What It Means If There Is Trigger Fingers In Toddlers

When you think of trigger fingers in toddlers, you may imagine a toddler who is a good shot with their toy gun as they play pretend cowboys. However, a trigger finger, also known as a trigger thumb, is quite serious. Its medical name also knows this of stenosing tenosynovitis. Occurring in 3 out of 1,000 children, it’s something that may need treatment. 

Source: pixabay.com

What Is A Trigger Finger? 

A trigger finger is when your toddler’s thumb or finger clicks or pops when they straighten it. This is because the tendons of the finger responsible for flexing are too big and can’t slide smoothly. 

Why is this a bad thing? While it’s painless on its own, your child may feel pain when they try to straighten their fingers. Then, they may notice their fingers stuck. That’s never good, especially if it’s the thumb. With the thumb being so used, it can be a disaster if your toddler has to use it. 

Trigger fingers vary in severity, with some being so severe, your kid cannot straighten their digit at all and need surgery to fix it.

With pediatric trigger thumb, the child’s thumb can’t be moved about, and it might only be fixed with a flexion contracture.  Sometimes, when it’s in a straight position it can hurt, or even the child may not be able to move it into a straight position. Pediatric trigger thumb usually has the thumb in a flexed position, with the base of the thumb near the child’s body when it’s in a flexed position. 

This can happen in children as young as a year of age, where they’re stuck in a bent position. This flexed position can’t normally be moved easily, so the child’s thumb is permanently stuck in a flexed position. 

The signs and symptoms with pediatric trigger thumb usually involve a child being unable to move their finger straight, and it’s permanently stuck in a bent position. The weight thing about this is the base of the thumb is usually normal, so the base of the thumb usually doesn’t have issues, but the upper extremity of the thumb is permanently stuck, so your child may be able to move the base of the thumb, but the upper extremity isn’t really able to be moved. 

Sometimes, the child’s thumb may be stuck in a bent position. This is normally not due to injuries, but it can be in some cases if it happens in older children. Pediatric trigger thumb usually occurs in children up to age of 3.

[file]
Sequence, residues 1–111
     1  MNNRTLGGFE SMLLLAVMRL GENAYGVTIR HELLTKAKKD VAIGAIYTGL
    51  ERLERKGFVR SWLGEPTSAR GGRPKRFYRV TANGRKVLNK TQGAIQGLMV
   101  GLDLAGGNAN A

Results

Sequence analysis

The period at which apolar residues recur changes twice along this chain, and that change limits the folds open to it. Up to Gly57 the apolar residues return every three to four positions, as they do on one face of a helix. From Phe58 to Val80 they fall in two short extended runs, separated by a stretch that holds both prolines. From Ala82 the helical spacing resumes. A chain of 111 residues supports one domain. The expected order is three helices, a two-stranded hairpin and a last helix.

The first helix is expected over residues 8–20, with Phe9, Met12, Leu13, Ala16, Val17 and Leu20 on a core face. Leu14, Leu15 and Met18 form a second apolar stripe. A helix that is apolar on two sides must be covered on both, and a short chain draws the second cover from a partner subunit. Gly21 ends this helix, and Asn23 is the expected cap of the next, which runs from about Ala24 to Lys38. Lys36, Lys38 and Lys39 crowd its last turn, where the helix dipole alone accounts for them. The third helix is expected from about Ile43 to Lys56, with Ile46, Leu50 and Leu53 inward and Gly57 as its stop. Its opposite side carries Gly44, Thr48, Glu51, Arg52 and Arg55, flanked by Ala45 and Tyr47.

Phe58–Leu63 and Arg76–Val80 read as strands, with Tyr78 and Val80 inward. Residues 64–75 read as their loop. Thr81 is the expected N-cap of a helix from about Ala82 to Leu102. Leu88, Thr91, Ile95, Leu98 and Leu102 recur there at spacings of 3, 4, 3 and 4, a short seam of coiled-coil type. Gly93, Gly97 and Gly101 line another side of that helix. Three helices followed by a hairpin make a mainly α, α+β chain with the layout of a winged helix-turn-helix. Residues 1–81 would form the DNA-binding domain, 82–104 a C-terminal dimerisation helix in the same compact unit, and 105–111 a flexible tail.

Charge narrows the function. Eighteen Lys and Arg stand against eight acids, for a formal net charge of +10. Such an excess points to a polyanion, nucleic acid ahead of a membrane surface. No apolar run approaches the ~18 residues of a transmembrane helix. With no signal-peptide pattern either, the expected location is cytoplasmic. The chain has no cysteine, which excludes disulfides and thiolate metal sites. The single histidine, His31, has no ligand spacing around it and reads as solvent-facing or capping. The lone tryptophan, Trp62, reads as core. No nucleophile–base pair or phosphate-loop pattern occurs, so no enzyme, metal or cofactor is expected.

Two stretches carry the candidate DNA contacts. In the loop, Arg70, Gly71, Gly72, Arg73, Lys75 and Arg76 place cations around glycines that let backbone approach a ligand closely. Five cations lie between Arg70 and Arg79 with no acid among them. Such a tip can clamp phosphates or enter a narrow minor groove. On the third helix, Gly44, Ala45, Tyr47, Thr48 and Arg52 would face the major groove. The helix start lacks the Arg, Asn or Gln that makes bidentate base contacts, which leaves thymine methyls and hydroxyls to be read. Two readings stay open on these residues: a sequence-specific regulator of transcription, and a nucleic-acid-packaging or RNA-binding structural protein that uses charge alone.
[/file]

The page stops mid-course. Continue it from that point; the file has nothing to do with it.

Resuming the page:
Source: flickr.com

The Cause

You may wonder what the cause(s) of trigger fingers in toddlers are. You may think the child has injured their finger by playing too hard. However, trigger fingers are usually not caused by any injury, but instead, it’s just due to the tendons being too big. It’s something that doesn’t have a direct cause, and during birth, you may not notice it. 

It’s associated with toddlers a lot, but you may also notice it in young children as well, which can be a problem as well.

With that said, some things increase the risk of trigger fingers. These include:

Repeated injury to the hand may cause trigger fingers. 

Inflammatory disease. 


Kidney disease.

Source: sketchport.com

The Signs 

If you suspect your child has trigger fingers, here are a few signs to be on the lookout for. 

  • Their Fingers Are Stiff 

If you notice any unusual stiffness, this may be a sign. 

  • Their Fingers Pop When Straightened 

If they bend or straighten their finger or thumb, it could be a sign of a trigger finger. Usually, this accompanied by a painful pop, so beware. 

Source: pxhere.com
  • The Fingers Get Stuck

If the fingers, when straightened or bent, end up getting stuck, this may be a sign of trigger finger.

  • The Symptoms Can Be Worse in the Morning